Mark ‘The Bird’ Fidrych– Career Record was 29-19 with a 3.10 ERA. This guy is the best of example of a phenom pitcher capturing a city by storm. At age 21, Mark Fidrych blitzed onto the scene with a 19-9 record, with leading the league in ERA (2.34) and CG (24), even though he did not make his first start until early May. He won the ‘Rookie of the Year’ award and his pitching galvanized the city of Detroit despite a 74-87 season. Fidrych displayed some of the weirdest antics on the mound. He would fix scuffs on his cleats, talk to the baseballs, manicure the pitching mound and throw back baseballs to the home umpire he thought ‘were going to make him give up hits.’ As a tall and lanky player, with constant body-jerk movements, he was given the nickname ‘The Bird” with his likeness to Sesame Streets character ‘Big Bird.’ Fidrych had his own fans come out for games at Tiger Stadium. These fans were often referred to as ‘Bird Watchers.’ He was a big draw for attendance for both home and road games. His 16 starts drew half of the teams 81 home games attendance in 1976. Fidrych was truly a national celebrity by the time he started his second year. However, a torn rotator cuff plagued him for the remainder of his brief career, as it went improperly diagnosed until Dr. James Andrews saw him in the mid 80’s. Fidrych was still a popular figure around MLB until he was killed while working on his truck in an accident in April of 2009.
Kerry Wood– Career Record is 86-73 with 3.64 ERA. Still only age 34 right now, Kerry Wood has been pitching in the Majors since 1998. In his 5th start as a player at age 21, Wood turned in one of the best all time single game performances. The man struck 20 batters in tying Roger Clemens established record. There were only two batters to reach base, a hit batsmen and a questionable hit that could have easily been scored an error, prevented Wood from throwing a no-hitter or perfect game. Instantly Wood’s name was recognizable across the Cubs fans. This was the year that Mark McGwire and Sammy Sosa were going toe to toe in the historic single season homer chase, yet Wood was just as popular at Wrigley Field. Soreness in his elbow forced Wood to miss the last month of the season. He still registered a 13-6 record, en route to a ‘Rookie of the Year’ award. Wood spent 1999 on the shelf, from there he struck out 200 batters or more in three of the next four season. In 2003, the ace teamed up with Mark Prior to deliver a great regular season that ultimately led to a 3-2 lead in the NLCS before the Marlins came back to win the NL Championship (Bartman). The next 4 seasons were marred by injury, as neither he nor Prior could stay healthy for the Cubs. It was only a move to the bullpen that finally saw him revive his career in 2007. Wood was part of 2 division championships in his time with the Cubs, but the one that was sweeter was the 2008 season. He made the All-Star team as a reliever and the fans were able to cheer for him on a regular basis again. That season he converted 34 of 39 saves. After decent years with Cleveland and New York in 2009 & 2010, Wood took less money to return to the city that he loves and started his career with. Chicago fans will always return the love back for Wood. He is where he ought to be, wearing number 34 for the Cubs.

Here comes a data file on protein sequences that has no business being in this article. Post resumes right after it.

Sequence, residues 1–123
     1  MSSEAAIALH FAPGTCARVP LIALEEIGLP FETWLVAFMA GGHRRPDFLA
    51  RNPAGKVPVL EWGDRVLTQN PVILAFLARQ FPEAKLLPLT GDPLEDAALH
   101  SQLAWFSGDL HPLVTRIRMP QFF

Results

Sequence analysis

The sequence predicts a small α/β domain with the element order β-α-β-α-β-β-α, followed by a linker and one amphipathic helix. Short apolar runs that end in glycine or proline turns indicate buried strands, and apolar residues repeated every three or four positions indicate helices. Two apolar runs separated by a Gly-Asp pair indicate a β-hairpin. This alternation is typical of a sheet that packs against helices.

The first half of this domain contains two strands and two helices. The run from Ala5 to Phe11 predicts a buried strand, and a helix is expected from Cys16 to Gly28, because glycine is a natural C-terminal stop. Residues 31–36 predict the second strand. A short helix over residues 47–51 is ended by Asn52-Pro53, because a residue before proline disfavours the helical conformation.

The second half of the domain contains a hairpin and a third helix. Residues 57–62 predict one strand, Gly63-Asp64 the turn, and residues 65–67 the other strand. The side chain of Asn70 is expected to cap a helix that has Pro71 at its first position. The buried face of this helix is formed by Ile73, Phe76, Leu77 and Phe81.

So who might be the new pitcher to take on this mantra? Could it be Matt Moore? Or maybe it will be Stephen Strasburg in a larger sampling? Whoever it is, that MLB team and/or baseball will be better served with another new pitching phenom entering its ranks!
*** Thank you to our Baseball Writer- Doug Booth for preparing today’s feature on MLB reports. To learn more about “The Fastest 30 Ballgames” and Doug Booth, you can follow Doug on Twitter (@ChuckBooth3024) and click here Doug’s website, fastestthirtyballgames.com***
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Posted on January 30, 2012, in MLB Player Profiles and tagged baseball, hurler, juan guzman, kerry wood, mark fidrych, mark prior, mike moore, mlb, phenom, pitcher, prospect, roger clemens, starting pitcher, stephen strasburg. Bookmark the permalink. 1 Comment.